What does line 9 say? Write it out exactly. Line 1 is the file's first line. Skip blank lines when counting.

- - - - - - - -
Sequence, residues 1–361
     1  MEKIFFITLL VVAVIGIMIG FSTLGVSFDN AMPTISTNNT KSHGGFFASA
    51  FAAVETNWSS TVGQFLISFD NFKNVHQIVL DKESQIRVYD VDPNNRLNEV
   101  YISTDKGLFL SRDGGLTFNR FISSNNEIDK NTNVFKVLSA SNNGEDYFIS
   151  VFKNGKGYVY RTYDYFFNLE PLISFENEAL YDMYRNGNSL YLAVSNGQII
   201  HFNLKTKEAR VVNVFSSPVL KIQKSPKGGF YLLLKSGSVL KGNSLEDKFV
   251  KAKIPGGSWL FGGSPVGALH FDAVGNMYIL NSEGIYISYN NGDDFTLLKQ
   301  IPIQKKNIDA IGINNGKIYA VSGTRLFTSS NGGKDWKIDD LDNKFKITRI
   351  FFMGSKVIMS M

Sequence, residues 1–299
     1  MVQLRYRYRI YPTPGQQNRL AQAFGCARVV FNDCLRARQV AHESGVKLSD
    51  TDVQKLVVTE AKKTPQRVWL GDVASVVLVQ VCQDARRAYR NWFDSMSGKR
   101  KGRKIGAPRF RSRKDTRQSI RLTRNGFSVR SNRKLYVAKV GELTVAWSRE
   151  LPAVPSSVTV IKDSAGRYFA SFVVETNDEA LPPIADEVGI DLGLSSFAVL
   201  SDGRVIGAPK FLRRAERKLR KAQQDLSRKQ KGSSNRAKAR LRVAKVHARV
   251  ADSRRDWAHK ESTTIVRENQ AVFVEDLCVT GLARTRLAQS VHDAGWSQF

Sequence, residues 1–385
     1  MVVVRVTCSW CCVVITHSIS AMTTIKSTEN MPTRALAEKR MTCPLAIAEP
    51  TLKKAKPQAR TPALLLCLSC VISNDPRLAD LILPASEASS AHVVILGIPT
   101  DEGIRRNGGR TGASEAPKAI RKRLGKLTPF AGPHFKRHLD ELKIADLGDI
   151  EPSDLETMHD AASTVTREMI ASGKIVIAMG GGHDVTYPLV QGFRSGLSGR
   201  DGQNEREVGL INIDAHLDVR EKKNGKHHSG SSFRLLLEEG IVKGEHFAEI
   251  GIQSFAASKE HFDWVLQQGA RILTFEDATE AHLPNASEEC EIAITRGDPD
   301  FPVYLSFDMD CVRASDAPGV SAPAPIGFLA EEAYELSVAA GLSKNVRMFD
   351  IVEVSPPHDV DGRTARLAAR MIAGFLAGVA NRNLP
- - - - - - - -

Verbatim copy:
   351  FFMGSKVIMS M